Famous for its celebration of diversity, Provincetown, Mass., is equally appreciated for its melange of rugged nature, spirited creativity and entrepreneurial zeal. Visitors to Cape Cod’s outermost town will soak up vibes from its Portuguese fishing heritage and art colony roots along with the electricity generated by one-of-a-kind shops, eclectic galleries and some of the area’s fi nest restaurants.
While PTown, as it’s affectionately known, is a popular daytrip destination, to do it justice calls for at least an overnight. The Crowne Point Historic Inn & Spa on a bluff in the West End offers luxurious accommodations and the Shui Spa. Nearby, the gabled Anchor Inn Beach House offers an intimate setting with balconies, fireplaces and direct beach access.
Strolling along the 3-mile stretch of Commercial Street is a movable feast for all senses. Java aficionados tout Kohi Coffee Company, so grab a pour-over and head across the street to Connie’s Bakery & Cafe for a warm-from-the-oven scone, muffin or breakfast sandwich.
After fueling up, head to Marine Specialties, an army-navy surplus shop on steroids that’s jam-packed with items overflowing the shelves and hanging from the rafters.
Art lovers have a wonderful array of galleries from which to choose, including Schoolhouse, Berta Walker, G-1 and Albert Merola. Don’t leave town without a visit to the Provincetown Art Association and Museum, a veritable shrine to its hometown, the longest running art colony in America.
Keep lunch casual at The Canteen, with seating inside, on the street and in the backyard near the beach. Along with lobster rolls and chowder, we hear the cod banh mi, pulled pork tacos and crispy Brussels sprouts in fish sauce are especially good.
Time to stretch your legs again? There are over 30 miles of beach in Provincetown, all part of the Cape Cod National Seashore. Herring Cove scores points over Race Point for its calmer and warmer water; in the spring you can see whales breach. In the off-season, a walk through Beech Forest is a must. Both Herring Cove and Race Point are accessible by shuttle bus, bicycle or foot. If you have time, take a whale watch offered by the Center for Coastal Studies.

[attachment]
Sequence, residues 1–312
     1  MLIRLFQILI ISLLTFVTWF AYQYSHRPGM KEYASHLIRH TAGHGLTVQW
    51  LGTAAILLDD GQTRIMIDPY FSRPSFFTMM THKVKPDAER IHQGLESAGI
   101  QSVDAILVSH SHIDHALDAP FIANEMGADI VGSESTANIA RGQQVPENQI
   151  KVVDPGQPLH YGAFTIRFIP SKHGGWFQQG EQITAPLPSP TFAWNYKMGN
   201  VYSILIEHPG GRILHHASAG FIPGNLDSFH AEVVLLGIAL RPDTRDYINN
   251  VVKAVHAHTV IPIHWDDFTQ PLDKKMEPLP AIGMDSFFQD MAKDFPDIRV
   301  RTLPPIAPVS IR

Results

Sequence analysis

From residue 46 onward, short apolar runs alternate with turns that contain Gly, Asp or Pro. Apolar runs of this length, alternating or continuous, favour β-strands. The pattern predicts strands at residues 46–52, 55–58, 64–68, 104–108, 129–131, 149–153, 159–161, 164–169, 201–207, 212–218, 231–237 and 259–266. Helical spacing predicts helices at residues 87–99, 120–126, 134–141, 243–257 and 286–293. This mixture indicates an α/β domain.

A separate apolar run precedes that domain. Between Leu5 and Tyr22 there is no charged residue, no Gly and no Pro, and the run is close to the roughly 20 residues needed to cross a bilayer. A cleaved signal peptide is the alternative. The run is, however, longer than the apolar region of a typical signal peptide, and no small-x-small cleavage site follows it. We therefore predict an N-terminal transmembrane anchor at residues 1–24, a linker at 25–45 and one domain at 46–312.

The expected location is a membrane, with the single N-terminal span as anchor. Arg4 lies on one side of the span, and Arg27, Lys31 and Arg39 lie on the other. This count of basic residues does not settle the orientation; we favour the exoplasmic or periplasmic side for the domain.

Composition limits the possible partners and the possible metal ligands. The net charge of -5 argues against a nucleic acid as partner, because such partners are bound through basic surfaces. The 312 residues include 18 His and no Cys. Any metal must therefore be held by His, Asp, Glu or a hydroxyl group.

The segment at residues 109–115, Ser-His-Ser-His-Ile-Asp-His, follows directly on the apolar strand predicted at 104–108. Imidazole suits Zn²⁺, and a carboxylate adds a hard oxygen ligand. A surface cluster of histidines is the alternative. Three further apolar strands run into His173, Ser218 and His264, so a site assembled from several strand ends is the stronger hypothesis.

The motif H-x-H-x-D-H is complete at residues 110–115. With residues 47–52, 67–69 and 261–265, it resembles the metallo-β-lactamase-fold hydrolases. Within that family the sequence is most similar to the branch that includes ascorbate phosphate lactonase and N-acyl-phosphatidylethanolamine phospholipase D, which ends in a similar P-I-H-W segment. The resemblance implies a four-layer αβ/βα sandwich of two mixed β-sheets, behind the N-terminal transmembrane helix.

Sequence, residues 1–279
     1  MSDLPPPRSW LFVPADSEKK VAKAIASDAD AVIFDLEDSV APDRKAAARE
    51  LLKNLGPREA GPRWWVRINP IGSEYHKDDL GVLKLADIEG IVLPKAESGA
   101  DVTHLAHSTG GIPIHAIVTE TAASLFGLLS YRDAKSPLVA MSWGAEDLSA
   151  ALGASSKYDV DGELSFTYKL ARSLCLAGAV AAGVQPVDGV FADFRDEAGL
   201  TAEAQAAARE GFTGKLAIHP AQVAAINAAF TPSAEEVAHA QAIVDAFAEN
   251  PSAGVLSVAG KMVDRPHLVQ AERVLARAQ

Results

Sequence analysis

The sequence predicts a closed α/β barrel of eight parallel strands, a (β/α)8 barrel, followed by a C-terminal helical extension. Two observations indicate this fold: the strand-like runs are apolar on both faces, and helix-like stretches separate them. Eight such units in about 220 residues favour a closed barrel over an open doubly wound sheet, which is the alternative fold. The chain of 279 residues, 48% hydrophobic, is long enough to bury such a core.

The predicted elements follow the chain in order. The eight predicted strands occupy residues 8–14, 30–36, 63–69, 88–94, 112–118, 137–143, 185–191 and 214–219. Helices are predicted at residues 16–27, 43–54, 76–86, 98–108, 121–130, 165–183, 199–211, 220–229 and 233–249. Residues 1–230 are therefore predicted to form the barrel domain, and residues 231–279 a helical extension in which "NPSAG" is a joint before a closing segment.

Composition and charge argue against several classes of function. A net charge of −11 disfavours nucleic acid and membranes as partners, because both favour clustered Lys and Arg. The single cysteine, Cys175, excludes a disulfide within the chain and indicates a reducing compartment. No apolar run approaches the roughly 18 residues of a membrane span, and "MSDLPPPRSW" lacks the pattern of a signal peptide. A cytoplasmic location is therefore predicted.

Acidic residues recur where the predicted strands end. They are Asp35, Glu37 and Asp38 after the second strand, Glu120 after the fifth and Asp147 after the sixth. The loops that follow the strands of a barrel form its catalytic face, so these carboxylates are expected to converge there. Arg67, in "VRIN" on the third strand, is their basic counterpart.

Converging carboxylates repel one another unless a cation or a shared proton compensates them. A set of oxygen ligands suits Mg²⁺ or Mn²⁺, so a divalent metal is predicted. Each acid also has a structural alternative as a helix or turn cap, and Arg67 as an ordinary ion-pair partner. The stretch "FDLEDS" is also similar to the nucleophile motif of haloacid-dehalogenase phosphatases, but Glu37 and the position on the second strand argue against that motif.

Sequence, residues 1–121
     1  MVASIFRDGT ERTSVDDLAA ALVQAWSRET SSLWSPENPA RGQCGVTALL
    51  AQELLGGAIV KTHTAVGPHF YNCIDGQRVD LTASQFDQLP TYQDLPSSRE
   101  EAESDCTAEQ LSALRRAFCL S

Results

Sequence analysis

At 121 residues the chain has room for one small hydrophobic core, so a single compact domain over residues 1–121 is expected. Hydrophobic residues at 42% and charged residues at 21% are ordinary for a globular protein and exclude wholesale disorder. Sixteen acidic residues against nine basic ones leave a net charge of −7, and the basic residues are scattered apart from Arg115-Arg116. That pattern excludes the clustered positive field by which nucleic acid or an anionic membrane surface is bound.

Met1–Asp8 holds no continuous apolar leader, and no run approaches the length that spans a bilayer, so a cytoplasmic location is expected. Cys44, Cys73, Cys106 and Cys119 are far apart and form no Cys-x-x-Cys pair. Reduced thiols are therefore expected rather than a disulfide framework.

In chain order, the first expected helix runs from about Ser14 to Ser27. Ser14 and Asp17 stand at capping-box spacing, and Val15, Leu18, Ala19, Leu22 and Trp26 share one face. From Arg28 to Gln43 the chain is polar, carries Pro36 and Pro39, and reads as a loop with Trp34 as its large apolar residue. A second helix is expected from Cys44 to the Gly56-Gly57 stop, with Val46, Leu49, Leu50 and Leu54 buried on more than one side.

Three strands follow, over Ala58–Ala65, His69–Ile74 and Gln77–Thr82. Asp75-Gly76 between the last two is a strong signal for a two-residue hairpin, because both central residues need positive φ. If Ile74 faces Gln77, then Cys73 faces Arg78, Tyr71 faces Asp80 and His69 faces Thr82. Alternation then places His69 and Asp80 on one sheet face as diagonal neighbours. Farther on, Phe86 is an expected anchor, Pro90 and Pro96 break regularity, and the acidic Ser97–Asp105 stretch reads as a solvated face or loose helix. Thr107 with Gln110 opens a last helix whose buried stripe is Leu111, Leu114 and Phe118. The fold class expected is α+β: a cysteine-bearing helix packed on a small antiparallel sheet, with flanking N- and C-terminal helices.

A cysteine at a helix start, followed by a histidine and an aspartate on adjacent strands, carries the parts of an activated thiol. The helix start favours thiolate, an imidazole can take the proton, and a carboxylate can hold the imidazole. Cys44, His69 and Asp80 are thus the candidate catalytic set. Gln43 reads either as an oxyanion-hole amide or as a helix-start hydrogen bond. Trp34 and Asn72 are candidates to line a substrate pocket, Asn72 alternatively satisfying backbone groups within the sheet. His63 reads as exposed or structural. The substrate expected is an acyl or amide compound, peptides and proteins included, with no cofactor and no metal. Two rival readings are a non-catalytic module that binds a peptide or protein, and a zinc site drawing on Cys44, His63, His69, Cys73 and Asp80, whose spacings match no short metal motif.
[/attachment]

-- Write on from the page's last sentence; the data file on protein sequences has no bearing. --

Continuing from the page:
Go a little upscale for dinner at stylish Joon Bar and Kitchen for innovative small plates and entrees like duck confit with carrot-ginger puree and a crispy lentil cake. Or try local favorite Mac’s Fish House for fresh fare from the sea.
Check out more great locations at AAA.com/NortheastExplorer.
2 Thoughts on “Escape to the Cape”
I understand where you’re coming from, in the “old days,” people cared about ethnicity, etc. But I am impressed by the fact that AAA left out identifying P-Town as a “gay” town. Let’s just ‘live and let live.’ I would hope that most people wouldn’t have to be alerted to the fact that many of the people who reside in P-Town are LBGTQ. Or in the alternative, maybe being thrown together, unawares, will enhance people’s realization that we’re all in this world together and skin, sex, nationality, only enrich the experience of being in this wonderful world.
I am disturbed, dismayed, and disappointed that your March/April 2020 magazine article, “Escape to the Cape,” avoided using the words gay or lesbian, or the acronym LGBT in a tourism profile of Provincetown, Massachusetts.
It is unbelievable that AAA—which prides itself in providing complete and accurate information for the traveler—would fail to mention the above, considering that according to the 2010 census, Provincetown has the highest rate of same-sex couples in the country. Additionally, P-town, was voted “Best Resort Town in 2011” by Gaycities.com.
The AAA CT/MA/RI TourBook (2019 edition), calls Provincetown “…an East Coast mecca for gays and lesbians” and goes on to say, “In season, glib drag queens are out in force handing out show flyers to the throngs of vacationers…” If this nationally distributed publication can be that explicit, why can’t the AAA Northeast magazine—serving a very progressive part of the nation—do the same? If AAA is worried about offending some intolerant conservatives (at the expense of young LGBTers who again will feel ostracized by the exclusion), all the more reason to mention that the summer population is majority gay, so homophobes can avoid it.
I’m sorry, but just writing it “is known for its diversity,” doesn’t cut it in 2020. “Diversity” can refer to simply cultural, racial, religious and economic variation.
Unmistakably, it’s not PTown’s beaches, eateries, or art galleries that make it what it is. Provincetown is unique because of its LGBTQ people and the fabulous milieu they create.
James E. Fayal